If migraine was only down to cheese and chocolate...as the perceived wisdom goes....it would be easy to sort!
BUT there are always other things going on...
1.Food intolerance plays a part for sure, but not just cheese and chocolate.
Cow's milk products and cocoa affect 42% adults with migraine
Yeast, all cheeses and yogurts affect 37%
Coffee affects 33%
Tea and orange affect 26%
2. Vitamin B6 deficiency is part of the picture for 76% of migraine sufferers. Take a dosage of between 80 and 100mg. make sure the supplement is yeast, milk and soya free.
3. Blood Sugar Control and chromium deficiency
If someone is deficient in the mineral chromium, they will often suffer headaches and migraines especially when their blood sugar levels are low. The
chromium-deficient person will already know he needs to eat frequently otherwise he is likely to suffer the following symptoms:
headache; irritability; nausea; shaky feelings; and sugar craving.
For many of these people, the underlying cause is a chromium deficiency. Chromium is the mineral responsible for the regulation of blood sugar levels.
Solutions for you if you suspect you have a problem regulating your blood sugar levels.
- Eat frequently, every few hours, rather than having big meals and large gaps in between.
- Avoid sugar fixing, which is something you may find helps your symptoms. You eat something sweet, [often chocolate] and feel better, with the headache, nausea, irritability and shakiness all gone fast! Eating something sweet raises the blood sugar quickly, which leads the body to over-compensate and produce insulin. This has the effect of sending blood sugar plummeting down. The whole cycle starts again with irritability, shaking, sugar craving, nausea and headache. You eat something sugary again to feel better, which means more insulin production and your blood sugar drops again etc.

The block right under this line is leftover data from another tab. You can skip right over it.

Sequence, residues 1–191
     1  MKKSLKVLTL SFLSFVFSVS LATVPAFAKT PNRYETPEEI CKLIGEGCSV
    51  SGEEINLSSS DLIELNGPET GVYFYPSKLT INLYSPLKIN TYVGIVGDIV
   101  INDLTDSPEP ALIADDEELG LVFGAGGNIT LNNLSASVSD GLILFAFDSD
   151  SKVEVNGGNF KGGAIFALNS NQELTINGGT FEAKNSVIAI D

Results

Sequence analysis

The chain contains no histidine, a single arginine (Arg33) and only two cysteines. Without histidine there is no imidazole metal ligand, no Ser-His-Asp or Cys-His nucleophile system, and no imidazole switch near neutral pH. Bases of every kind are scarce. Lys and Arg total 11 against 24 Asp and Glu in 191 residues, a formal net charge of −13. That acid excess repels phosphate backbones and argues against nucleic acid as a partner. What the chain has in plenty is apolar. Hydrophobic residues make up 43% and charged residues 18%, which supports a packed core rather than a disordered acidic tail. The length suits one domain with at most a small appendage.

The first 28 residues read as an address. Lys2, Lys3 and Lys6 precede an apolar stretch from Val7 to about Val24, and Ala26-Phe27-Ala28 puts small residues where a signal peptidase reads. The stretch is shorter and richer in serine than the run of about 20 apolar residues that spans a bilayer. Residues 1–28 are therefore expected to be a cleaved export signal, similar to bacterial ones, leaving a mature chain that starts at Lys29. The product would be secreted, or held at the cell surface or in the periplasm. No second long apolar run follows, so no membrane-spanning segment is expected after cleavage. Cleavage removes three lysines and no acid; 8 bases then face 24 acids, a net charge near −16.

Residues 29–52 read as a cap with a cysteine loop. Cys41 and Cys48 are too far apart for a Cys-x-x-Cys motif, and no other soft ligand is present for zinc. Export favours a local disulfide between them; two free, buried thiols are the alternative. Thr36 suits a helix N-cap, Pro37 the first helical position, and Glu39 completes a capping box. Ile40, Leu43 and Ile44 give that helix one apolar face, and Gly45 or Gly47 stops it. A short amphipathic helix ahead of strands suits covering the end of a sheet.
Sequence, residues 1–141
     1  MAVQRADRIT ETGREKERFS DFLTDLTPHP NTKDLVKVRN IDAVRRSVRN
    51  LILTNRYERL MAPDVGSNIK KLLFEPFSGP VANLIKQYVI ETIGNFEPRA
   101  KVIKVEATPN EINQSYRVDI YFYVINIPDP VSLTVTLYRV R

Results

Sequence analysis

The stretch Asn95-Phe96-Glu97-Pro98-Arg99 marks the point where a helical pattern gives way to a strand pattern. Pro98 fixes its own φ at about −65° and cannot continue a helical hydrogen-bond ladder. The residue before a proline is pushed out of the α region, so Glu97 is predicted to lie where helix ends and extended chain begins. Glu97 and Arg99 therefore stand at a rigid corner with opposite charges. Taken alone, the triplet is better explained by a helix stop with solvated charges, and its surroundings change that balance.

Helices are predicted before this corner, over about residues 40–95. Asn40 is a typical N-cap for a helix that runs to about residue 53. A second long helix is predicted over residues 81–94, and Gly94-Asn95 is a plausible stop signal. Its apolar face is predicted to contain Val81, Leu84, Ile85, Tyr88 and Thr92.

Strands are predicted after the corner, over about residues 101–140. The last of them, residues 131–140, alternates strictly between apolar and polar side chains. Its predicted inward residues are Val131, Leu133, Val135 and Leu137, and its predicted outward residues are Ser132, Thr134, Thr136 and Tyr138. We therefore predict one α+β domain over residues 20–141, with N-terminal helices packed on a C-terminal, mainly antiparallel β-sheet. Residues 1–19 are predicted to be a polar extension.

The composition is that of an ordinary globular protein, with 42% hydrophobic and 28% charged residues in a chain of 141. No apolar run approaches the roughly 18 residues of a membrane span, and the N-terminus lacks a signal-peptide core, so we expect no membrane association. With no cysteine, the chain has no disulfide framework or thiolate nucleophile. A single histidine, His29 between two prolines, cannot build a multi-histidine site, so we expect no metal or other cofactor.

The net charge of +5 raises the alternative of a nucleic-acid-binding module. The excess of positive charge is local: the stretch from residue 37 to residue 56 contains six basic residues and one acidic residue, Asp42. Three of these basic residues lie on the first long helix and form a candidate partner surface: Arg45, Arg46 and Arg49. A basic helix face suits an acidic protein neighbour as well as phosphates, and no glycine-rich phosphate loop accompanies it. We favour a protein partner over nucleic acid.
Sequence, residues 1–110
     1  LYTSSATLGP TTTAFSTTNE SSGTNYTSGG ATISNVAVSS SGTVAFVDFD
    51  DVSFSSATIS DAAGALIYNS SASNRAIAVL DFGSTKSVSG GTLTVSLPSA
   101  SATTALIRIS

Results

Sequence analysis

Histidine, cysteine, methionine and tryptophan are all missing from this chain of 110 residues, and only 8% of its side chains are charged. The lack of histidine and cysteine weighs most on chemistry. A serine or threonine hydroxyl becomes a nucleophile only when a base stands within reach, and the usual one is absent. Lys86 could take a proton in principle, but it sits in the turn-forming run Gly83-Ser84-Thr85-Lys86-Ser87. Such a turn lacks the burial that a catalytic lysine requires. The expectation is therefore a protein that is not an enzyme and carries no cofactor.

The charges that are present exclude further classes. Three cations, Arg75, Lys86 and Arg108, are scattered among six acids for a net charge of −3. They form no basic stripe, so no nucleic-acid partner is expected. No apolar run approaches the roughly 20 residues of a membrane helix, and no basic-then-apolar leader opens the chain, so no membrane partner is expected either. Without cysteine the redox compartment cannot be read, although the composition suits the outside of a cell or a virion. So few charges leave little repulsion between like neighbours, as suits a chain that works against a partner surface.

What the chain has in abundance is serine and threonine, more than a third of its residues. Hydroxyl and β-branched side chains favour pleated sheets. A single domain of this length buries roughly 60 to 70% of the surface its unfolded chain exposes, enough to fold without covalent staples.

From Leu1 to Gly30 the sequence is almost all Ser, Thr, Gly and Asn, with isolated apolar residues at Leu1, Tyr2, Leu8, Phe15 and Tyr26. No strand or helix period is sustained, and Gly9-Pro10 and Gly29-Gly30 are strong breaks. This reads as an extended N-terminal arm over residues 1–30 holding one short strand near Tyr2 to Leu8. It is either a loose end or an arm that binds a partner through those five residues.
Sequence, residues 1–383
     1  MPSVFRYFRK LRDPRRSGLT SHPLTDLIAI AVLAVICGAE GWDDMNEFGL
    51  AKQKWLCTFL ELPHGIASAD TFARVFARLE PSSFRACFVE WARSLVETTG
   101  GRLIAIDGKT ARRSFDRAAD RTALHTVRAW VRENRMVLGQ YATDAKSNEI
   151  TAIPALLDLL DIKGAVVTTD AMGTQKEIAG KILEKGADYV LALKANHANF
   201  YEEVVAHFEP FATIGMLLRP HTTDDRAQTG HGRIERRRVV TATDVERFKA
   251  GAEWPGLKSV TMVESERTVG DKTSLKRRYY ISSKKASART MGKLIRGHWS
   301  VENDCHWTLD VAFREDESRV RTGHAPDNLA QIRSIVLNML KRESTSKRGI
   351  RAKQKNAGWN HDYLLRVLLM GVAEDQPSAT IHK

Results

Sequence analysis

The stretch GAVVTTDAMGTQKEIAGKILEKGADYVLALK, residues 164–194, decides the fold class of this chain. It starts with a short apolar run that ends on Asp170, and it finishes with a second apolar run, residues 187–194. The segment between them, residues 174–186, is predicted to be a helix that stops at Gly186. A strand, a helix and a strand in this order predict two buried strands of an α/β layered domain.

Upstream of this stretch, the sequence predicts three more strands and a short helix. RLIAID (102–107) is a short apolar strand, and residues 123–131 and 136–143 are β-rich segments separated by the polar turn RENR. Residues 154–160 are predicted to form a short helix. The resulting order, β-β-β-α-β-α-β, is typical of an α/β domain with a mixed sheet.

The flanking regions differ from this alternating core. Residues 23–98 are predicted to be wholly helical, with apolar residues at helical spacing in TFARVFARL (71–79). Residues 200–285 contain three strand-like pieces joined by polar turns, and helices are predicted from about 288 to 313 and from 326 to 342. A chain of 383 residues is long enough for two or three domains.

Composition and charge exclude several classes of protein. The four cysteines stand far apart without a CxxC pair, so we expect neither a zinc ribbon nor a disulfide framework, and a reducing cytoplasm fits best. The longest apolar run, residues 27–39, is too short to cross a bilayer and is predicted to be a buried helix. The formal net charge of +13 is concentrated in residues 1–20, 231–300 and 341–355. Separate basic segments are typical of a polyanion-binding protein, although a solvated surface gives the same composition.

- Eat more foods high in complex carbohydrate, for example, brown or wholemeal grains in bread, ryevita and rice cakes. These keep your blood sugar at a moderate level for longer periods of time than sugar and refined [white] carbohydrates.
- Eat more protein because this kicks in when the energy from the carbohydrate runs out, and is useful if you come to a low ebb at mid-morning or mid-afternoon. It is helpful for blood sugar levels to eat protein for breakfast, for example, an egg, or bacon, and to eat more protein at lunchtime. Nuts are a good healthy snack to have in your desk drawer.
The foods that reduce chromium absorption are:
- refined foods
Here is another vicious circle. Eat too much sugar and you reduce chromium absorption. Whole grains are high in chromium and will help blood sugar control. If you have symptoms which are suggestive of problems with blood sugar control, you may find it advantageous to take a chromium supplement, 200 – 400 micrograms depending on your size and weight. This helps to reduce sugar craving and keeps your blood sugar more stable. It is still important though, that you eat in a way that stops your blood sugar shooting up and down. The diet which will be most helpful for those of you with a blood sugar regulation problem is the GL [Glycaemic Load] diet. There are many books written about this and it will benefit you to learn more.
4. Chemical Fragrance
Breathing in artificial fragrance can affect people in many different ways. I have found with headaches and migraines, that fragrances in the environment are a massive part of the cause. Since I have been testing products with added fragrance and suggesting clients avoid using them, my percentage improvements for headache and migraine, have risen from 70% averageimprovement in 2003 to 95% + average improvement in 2015. Please stop using fabric conditioners, air fresheners, plug-in air fresheners, incense sticks, fragranced diffusers, body butters, polish and spray cleaners with added fragrance. These types of products are a big aggravation for headache and migraine sufferers. Please remove them from your home. It is really important and will help you feel better.
5. Over-using painkillers
Many painkillers are addictive when used a few times daily for a few weeks. A person who is addicted to painkillers will get a headache when they need another dose of the painkiller to which they have become addicted. Stopping using the painkillers is a difficult process, because of the severe withdrawal symptoms that are bound to result. The headaches should clear within a week or so.